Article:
By MELONIE KESSLER – The question of the importance of riding forward is a very interesting topic. For me, it is also over-thought and analyzed, like most dressage terms. Riding forward is a relative term, just as relative elevation which refers to the height of the poll and neck. It is all relative to so many other fundamentals. A rider can ride forward without regard to the balance and relaxation of the horse. This is obviously not correct. If we consider the training scale, we must add the forward riding into the impulsion stage of the training, which comes after the confirmation of maintaining the rhythm, relaxation, and acceptance of the bit. Some might debate that a horse is not always capable of becoming secure in these first 3 steps of training without a forward ride, but I believe things are easier to learn with a slower more cause and effect feel from the rider. Just as in learning to drive a car, one learns slowly in a parking lot, learning where and how the pedals and wheel work, how much pressure one needs to use, and the response time after having applied the pressure.
Once the horse and rider can operate together as a team, the rider must begin to use their seat and leg aids to develop more from the horse, more cadence, more uphill balance and more impulsion. In dressage, riders try to achieve maximum impulsion from their partners. Impulsion is not speed. It is the uphill thrust which is released from well engaged hind legs.
I have witnessed many clinics taught by many notable riders where the theme is “more forward.” Many times the mental maturity of the horse is never addressed, and often times the riders find themselves running around the arena in a very quick out of balance gait with their partner looking wide eyed and confused, to say nothing of frightened. I believe it is important for riders to learn how to create the forward ride from their seat and leg (driving aids) as opposed to a chaotic run where the adrenalin of the horse is what gives the rider the sense of this forwardness they are seeking.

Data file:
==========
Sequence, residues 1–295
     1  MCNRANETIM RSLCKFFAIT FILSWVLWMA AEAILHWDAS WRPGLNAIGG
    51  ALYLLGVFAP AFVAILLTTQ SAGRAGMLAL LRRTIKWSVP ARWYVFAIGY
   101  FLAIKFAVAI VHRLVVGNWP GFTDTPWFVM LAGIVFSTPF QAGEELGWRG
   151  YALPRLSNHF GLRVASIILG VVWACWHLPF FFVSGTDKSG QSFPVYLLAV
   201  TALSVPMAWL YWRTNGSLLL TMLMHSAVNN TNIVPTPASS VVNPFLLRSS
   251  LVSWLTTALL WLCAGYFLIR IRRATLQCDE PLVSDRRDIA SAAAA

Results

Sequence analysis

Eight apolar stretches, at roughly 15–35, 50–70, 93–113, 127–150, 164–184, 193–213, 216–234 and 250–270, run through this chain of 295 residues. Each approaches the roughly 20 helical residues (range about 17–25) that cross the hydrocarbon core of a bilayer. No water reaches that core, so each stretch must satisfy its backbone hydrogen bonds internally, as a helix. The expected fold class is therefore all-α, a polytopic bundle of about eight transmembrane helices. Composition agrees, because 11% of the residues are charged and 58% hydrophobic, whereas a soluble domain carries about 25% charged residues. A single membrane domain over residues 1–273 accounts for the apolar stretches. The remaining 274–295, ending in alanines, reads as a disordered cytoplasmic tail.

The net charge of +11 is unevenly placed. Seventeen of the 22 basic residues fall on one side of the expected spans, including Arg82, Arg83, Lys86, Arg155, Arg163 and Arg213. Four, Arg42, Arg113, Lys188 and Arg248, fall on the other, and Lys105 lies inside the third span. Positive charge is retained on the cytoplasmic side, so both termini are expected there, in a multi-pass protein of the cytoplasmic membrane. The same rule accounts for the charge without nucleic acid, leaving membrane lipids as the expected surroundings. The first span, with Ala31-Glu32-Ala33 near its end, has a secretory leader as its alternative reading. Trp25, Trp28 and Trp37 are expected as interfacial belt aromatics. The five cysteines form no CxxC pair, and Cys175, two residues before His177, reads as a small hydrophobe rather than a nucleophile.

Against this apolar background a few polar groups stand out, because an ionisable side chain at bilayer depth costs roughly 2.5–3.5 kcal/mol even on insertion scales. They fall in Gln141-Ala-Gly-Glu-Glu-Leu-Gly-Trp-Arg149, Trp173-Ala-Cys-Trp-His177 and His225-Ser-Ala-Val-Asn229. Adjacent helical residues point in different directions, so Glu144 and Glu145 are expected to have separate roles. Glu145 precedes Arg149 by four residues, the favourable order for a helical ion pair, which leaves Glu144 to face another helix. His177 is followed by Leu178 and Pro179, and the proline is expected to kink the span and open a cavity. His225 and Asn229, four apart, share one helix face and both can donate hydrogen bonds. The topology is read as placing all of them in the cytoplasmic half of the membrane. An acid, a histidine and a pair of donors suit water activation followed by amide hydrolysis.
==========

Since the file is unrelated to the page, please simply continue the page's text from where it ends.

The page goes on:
Confusing forward with a faster tempo is a very common mistake. As a judge, I often see training and first level riders riding much too quickly around their test. Again, we must remember to ride balance. Each horse, as with each rider, has their own degree of natural balance. The exercises within each test are designed to develop the strength and agility that is necessary to reach the goal of dressage training. In case you have forgotten what that goal should be, it is referred to with the training pyramid; the development of collection which makes for a happy and secure horse which is a pleasure to ride.
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